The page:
While most of the clothes can be categorized under tropical loungewear, two refreshing collections hinted at a glamorous world beyond all those gorgeous beaches. Apryl Weech of the Bahamas, for instance, produced camera-ready bias shouldered satin and georgette gowns that are perfect for red carpet dressing, while Nikolaki’s Nick Verreos (former Project Runway contestant and the week’s special guest) showed floor length dresses in luscious silk fabrics that were more classic Hollywood than contemporary casual.
Although these collections enthralled attendees, the most compelling presentations came from designers who managed to infuse their designs with rich cultural heritage without treading too deep into ethnic-chic. One stellar example was Trinidad’s Claudia Pegus, who is widely regarded as one of the most talented Caribbean designers. Pegus took West Indian Sea Island Cotton and made it into a collection appropriate for any laidback metropolis in the summer months. Meanwhile, Kevan Hall (another special guest of the week) dedicated his collection to Africa, yielding chic eye-catching pieces such as flowing zebra dresses and printed embroidered dashikis.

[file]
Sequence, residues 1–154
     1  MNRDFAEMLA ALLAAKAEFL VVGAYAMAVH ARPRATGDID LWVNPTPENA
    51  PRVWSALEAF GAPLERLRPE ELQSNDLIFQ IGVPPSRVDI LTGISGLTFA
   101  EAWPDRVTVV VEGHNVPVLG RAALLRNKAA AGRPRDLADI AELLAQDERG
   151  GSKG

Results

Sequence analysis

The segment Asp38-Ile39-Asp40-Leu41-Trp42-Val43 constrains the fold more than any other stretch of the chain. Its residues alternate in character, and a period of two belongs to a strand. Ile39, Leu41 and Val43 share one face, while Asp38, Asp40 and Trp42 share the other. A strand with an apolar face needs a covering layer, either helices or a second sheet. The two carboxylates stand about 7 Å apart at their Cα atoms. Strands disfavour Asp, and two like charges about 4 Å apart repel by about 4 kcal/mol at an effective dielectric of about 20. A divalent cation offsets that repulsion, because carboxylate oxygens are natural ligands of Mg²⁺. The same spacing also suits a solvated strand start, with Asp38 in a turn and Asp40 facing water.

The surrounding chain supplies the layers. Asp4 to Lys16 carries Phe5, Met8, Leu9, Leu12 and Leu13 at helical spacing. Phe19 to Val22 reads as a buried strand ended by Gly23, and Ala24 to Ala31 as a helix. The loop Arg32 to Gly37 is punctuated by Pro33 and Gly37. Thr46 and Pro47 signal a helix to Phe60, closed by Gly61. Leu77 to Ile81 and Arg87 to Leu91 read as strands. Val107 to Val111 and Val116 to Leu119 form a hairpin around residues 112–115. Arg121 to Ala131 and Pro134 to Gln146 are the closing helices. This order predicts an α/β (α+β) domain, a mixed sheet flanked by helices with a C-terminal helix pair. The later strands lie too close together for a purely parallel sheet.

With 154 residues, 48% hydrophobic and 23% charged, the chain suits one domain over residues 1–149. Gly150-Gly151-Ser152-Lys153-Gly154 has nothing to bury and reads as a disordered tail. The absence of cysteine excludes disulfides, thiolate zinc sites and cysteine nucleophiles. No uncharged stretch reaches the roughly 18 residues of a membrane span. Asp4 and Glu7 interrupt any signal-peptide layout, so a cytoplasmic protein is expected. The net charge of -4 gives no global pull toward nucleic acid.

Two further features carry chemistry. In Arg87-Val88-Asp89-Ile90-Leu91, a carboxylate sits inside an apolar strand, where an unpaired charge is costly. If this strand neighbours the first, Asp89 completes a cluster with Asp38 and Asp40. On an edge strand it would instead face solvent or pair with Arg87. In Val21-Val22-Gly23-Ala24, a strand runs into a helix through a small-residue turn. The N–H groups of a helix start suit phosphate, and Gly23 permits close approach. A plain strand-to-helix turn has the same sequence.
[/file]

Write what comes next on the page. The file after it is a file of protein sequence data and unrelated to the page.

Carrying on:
The most creative of the week, however, was the sustainability themed eco design competition. Natural materials such as ratan, burlap, straws, raffia and recyclable materials such as newspapers were made into sculpturally wondrous dresses. The competition’s winner, Heather Jones of Trinidad, showed an impressive, multi-layered straw dress that came with a brown and beige chiffon skirt.
As the inaugural event, there were a few inevitable kinks to be improved upon—most collections needed editing, many shows started late. Assuming these wrinkles are smoothed by next year, Nassau Bahamas will not only be a destination for its nearby pristine beaches, but also for its spirited, tropical fashions.